Just as Jeb Bush once asked town hall audience members to please clap, the Republican establishment is ready for John Kasich and Ben Carson to please quit -- because otherwise, the thinking is, they'll have to deal with a Donald Trump nomination.
The South Carolina primary left many in the GOP dazed and confused after producing results that, just months ago, seemed unthinkable: Trump finished 10 points ahead of his closest rival, and Bush garnered so few votes in a state that should have been a stronghold that he decided to drop out of the reace. The billionaire real estate magnate now has two primary victories under his belt and, according to RealClearPolitics, heads to Nevada, where the next caucus will be held, with even more support than he had in South Carolina.
Surveying the scenario, many GOP leaders are dismayed -- and in denial.
Conservative magazine National Review, which in January dedicated an entire issue to taking down Trump, acknowledged that the frontrunner's South Carolina victory is a big deal but appears to hope there are still other options. "I don't consider Trump inevitable, but there is no getting around how big this win was for him," wrote editor Rich Lowry Sunday. On Friday, the publication put out a piece pondering whether a third-party conservative might beat Trump in November.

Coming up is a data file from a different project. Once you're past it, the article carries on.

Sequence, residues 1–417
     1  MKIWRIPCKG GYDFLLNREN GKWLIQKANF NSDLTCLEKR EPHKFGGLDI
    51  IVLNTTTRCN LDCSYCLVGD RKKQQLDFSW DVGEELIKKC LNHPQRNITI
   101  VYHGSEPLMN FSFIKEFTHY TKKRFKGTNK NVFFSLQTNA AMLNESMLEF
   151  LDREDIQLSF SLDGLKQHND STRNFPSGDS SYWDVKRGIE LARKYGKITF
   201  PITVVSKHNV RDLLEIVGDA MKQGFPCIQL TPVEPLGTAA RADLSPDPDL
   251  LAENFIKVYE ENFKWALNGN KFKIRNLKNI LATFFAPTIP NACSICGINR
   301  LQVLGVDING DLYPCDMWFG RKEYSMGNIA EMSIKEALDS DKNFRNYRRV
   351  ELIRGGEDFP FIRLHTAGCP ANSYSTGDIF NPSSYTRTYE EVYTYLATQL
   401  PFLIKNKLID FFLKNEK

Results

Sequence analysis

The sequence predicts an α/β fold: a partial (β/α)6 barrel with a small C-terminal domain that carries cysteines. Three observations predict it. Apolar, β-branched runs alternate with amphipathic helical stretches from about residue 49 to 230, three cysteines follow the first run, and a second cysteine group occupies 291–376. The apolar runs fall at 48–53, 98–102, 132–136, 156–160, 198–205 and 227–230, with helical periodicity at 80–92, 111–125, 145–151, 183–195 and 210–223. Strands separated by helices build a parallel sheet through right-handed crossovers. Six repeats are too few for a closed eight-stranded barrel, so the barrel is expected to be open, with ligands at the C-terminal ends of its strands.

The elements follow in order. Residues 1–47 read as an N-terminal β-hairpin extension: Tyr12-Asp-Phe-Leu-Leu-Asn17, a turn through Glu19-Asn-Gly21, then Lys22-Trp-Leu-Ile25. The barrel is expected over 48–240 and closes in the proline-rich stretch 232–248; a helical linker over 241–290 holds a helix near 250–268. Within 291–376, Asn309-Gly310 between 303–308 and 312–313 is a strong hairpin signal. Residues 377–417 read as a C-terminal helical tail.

RedState was quick to point out that Trump has less than 5% of the delegates he needs to win the party's presidential nomination, with managing editor Leon H. Wolf reminding readers it ain't over 'til it's over. "Trump currently has 61 delegates, and he needs 1,237," he wrote. "I plan to fight him every day until the day he crosses that threshold, and maybe beyond. I know I'm not nearly the only one who feels that way."
The title of a separate RedStatepiece published Saturday evening reads: "Dear Bush, Kasich and Carson: For The Sake Of The Country, Get Out Of The Race." In the wake of news that Bush had suspended his campaign, contributing editor Jay Caruso wrote, "You're up Kasich and Carson. Your country is counting on you. Jeb Bush showed leadership by getting out. Do the same thing."
Conservative leaders and pundits took to Twitter in the wake of the South Carolina primary results and subsequent fallout. The message from many is largely the same; disappointment, dismay and denial. And calls for the party to rally behind perceived last-hope, Florida Senator Marco Rubio, are growing even louder.
Here are some of the most telling tweets:
Stuart Stevens, political consultant and strategist for Mitt Romney's 2012 presidential bid, has been a vocal Trump critic and offered up his assessment of what should be done next.
Liz Mair, conservative communications expert who has been involved in campaigns run by Rand Paul, Scott Walker, Rick Perry and Carly Fiorina and who is behind anti-Trump super PAC Make America Awesome, lamented Bush's withdrawal but called for unity
Erick Erickson, former editor-in-chief at RedState and conservative blogger and radio host, had much of the same message.
Joe Carter, senior editor of right-leaning think tank Action Institute, was among many pointing fingers for an explanation.
The messages from others were largely similar.